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Logging in to the dashboard

The primary way to use the NCI cloud is via the web dashboard. To log in, follow these steps:

  1. Visit https://cloud.nci.org.au
  2. Select 'NCI' in the domain field
  3. Enter your NCI username, and your NCI password
  4. Click on the "Sign In" button.

You will be taken to your default project overview page. If you are a member of multiple cloud projects you can select the project to view from the drop-down box on the top left of the screen.

Setting up a key pair

If you are using Nirin for the first time, ensure at least one key pair exists under your account.

  1. Navigate to "Key Pairs" under the "Compute" menu on the left of the screen, then either:
    1. "Import Public Key" if you have an existing key pair you wish you use (make sure that the file you upload is the public key, typically called something.pub , often id_rsa.pub in your ~/.ssh directory).
    2. "Create Key Pair" to set up a new key pair.

Setting up a single key pair is a one-time operation. This is the minimum requirement to get started using this guide; more complex workflows or security models may require multiple key pairs.

Creating your first instance

Creating an instance in the dashboard is done using the Launch Instance wizard, which takes you through a number of dialogs collecting information about the instance to be created. Follow the steps below to create a basic instance.

  1. Log in to the dashboard.
  2. Click on the Project → Compute → Instances tab and press “Launch Instance” to start a virtual machine. The Launch Instance dialog will appear, open on the Details tab. Enter the instance name and a description, then click on the "Next" button to move to the Source tab.
  3. In the Source tab select an appropriate image from the list and click on the up arrow to select it, then click "Next" to move to the Flavor tab.
  4. In the Flavor tab select an appropriate flavour and click on the up arrow to select it, then click "Next" to move to the Networks tab. See Appendix A for more information about flavours.
  5. In the Networks tab you should find that your project network has been selected by default. Click on the Security Groups tab to proceed.
  6. In the Security Groups tab you should find that the Default security group is selected by default. Click on the up arrow next to the ssh security group to select it as well, and then click on "Next" to proceed to the Key Pair tab.
  7. In the Key Pair tab you should find that the key pair you created earlier is selected by default. You can also create or import a key pair at this stage if you have not yet done so.
  8. At this point the instance is set up fully, and you can click on the "Launch Instance" button to start the instance. Once the instance has been created you will see it in the table in the Project → Compute → Instances tab.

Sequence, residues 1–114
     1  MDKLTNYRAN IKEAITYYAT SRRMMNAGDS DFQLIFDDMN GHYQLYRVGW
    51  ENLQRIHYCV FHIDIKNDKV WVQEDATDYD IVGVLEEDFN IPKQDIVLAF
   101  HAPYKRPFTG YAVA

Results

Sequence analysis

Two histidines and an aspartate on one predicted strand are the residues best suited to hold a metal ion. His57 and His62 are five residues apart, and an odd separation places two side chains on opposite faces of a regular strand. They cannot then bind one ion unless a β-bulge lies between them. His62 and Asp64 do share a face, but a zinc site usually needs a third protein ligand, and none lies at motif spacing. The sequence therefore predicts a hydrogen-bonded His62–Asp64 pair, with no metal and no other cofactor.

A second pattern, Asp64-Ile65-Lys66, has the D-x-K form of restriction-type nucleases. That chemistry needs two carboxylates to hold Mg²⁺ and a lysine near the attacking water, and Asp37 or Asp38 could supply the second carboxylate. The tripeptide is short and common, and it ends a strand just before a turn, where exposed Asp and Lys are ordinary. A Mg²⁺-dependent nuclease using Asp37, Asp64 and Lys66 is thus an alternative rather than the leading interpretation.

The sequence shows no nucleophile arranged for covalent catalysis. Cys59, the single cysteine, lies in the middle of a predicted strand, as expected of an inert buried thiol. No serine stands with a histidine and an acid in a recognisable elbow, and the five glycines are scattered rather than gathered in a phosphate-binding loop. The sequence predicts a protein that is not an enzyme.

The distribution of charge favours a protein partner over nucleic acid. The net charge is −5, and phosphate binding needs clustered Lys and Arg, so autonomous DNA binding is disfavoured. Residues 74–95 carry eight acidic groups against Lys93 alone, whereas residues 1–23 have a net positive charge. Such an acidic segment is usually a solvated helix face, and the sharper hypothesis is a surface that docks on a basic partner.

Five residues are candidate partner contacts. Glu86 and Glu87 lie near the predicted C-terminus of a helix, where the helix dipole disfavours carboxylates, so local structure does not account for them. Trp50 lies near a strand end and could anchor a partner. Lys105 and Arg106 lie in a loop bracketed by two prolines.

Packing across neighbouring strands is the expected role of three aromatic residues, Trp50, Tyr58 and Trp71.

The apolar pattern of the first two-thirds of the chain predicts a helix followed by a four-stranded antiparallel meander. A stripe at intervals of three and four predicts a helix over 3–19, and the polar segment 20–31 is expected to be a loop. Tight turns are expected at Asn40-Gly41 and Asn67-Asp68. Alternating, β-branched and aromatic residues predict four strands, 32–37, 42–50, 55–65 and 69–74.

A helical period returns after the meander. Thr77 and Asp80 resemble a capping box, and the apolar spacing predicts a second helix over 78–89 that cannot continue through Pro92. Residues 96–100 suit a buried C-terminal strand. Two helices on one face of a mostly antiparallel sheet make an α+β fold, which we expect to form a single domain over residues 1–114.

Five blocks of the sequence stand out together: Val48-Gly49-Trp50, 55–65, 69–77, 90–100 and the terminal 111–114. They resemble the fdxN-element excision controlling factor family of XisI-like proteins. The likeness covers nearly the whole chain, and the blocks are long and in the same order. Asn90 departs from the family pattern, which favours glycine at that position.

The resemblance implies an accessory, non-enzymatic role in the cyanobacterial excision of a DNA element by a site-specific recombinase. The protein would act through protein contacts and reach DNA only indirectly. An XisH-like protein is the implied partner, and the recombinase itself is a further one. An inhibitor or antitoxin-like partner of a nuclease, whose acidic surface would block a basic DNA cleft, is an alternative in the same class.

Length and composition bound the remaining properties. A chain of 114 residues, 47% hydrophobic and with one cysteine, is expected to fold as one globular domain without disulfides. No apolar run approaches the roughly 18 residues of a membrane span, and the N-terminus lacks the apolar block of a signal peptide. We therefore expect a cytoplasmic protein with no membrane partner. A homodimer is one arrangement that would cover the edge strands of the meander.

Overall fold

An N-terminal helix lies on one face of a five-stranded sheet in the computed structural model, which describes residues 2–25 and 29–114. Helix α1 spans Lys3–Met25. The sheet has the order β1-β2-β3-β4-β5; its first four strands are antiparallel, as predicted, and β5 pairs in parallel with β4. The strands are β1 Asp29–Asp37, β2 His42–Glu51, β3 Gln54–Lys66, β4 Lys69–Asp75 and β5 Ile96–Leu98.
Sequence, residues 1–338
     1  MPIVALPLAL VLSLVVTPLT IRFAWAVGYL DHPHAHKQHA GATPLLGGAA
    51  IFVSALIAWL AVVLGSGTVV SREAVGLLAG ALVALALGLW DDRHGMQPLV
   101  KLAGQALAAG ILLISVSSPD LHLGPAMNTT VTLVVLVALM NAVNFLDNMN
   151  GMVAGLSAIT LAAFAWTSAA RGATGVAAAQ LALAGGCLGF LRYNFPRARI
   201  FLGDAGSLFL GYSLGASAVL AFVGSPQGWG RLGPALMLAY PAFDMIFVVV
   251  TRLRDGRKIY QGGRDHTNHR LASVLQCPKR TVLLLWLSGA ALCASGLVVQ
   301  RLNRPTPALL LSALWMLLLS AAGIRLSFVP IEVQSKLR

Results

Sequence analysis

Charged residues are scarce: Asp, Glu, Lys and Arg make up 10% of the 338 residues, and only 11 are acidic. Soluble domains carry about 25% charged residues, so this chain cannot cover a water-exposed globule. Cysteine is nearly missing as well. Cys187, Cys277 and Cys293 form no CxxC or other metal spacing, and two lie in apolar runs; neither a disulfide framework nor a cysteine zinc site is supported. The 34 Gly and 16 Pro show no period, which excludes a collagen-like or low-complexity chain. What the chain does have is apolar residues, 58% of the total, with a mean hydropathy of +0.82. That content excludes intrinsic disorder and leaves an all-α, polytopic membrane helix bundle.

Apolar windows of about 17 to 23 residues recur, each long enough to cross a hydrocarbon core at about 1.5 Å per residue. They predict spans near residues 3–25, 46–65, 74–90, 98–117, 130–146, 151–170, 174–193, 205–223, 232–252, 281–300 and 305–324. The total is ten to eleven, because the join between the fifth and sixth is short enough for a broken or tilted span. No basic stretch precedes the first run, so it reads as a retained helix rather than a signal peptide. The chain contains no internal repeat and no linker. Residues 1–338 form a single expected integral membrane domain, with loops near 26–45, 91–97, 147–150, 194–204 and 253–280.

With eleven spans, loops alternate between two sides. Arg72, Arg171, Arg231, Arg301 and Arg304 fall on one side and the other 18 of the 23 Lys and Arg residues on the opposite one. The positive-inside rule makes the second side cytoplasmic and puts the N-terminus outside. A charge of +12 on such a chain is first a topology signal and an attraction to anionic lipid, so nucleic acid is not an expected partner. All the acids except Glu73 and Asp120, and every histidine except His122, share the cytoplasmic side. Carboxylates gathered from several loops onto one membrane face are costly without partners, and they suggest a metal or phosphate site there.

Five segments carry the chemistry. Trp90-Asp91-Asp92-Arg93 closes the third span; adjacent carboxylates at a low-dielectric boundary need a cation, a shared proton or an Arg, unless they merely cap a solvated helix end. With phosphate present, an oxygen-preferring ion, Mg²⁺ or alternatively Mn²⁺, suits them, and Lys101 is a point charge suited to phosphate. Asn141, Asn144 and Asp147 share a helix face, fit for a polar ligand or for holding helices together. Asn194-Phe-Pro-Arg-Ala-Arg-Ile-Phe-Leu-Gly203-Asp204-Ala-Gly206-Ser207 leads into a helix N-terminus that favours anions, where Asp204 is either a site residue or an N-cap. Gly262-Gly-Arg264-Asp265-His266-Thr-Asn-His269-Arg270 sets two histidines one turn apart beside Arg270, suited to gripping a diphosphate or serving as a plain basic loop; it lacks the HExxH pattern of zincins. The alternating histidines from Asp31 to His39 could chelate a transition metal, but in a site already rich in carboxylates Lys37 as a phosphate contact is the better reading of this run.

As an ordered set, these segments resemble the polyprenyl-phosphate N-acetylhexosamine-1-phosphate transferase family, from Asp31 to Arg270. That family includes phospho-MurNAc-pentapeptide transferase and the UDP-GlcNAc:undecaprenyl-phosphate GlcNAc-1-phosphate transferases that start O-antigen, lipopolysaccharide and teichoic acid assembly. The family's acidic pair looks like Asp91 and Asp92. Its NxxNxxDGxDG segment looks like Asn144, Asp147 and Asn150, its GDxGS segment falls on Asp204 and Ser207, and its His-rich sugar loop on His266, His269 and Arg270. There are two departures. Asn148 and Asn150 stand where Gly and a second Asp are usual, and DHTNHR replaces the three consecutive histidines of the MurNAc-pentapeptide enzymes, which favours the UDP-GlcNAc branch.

Once the Status becomes "Active" the instance is up and running.

Using Floating IP addresses

The instance created in the previous section has a network connection with a private IP address (10.0.0.18), and can connect to hosts on the Internet, but it is not accessible from the wider Internet. In order to access it externally you need to attach a floating IP to it - this is an externally accessible address that will forward traffic through to the instance on its private address. Follow the steps below to allocate a floating IP and attach it to the instance created previously.

  1. Log in to the dashboard.
  2. Click on the Project → Network → Floating IPs tab
  3. Click on the "Allocate IP to Project" button. This will bring up the floating IP allocation dialog. Select "external" from the pool list and click on the "Allocate IP" button. You can enter a description if you choose, but it is not essential.
  4. Once the floating IP is allocated you can see it in the list:
  5. Click on the "Associate" button, and select your instance from the port list. Click the "Associate" button to complete the process.
  6. The list of floating IPs will now show your instance and its private IP address.
  7. At this point you can ssh to the floating IP address to access your instance. If you selected an Ubuntu image as the boot source, log in as user "ubuntu", e.g. ssh ubuntu@130.56.246.60.

When a floating IP address is no longer required, it can be released back to the pool by pressing "Release Floating IP" in the "Actions" column.

Security risk: releasing floating IP addresses

Releasing a floating IP address makes it available for other projects to use, which can in some situations present a security risk. For example, if an external system (such as an old NFS export of gdata filesystems) refers to a public IP address which is released back to the pool and later re-used by another project on the cloud, this could inadvertently give that project access to the external system. To mitigate this risk: before releasing a floating IP address, ensure that any external systems that rely on it are told that the address is no longer valid.


Persistent Volume Storage

Instances in the cloud have a small (10GB) local disk that is intended to hold only the operating system install and its essential files. Additional storage is provided through the use of volume storage. Volumes are effectively an external drive that can be attached to and detached from the instance as required - the volume continues to exist even after the instance is deleted.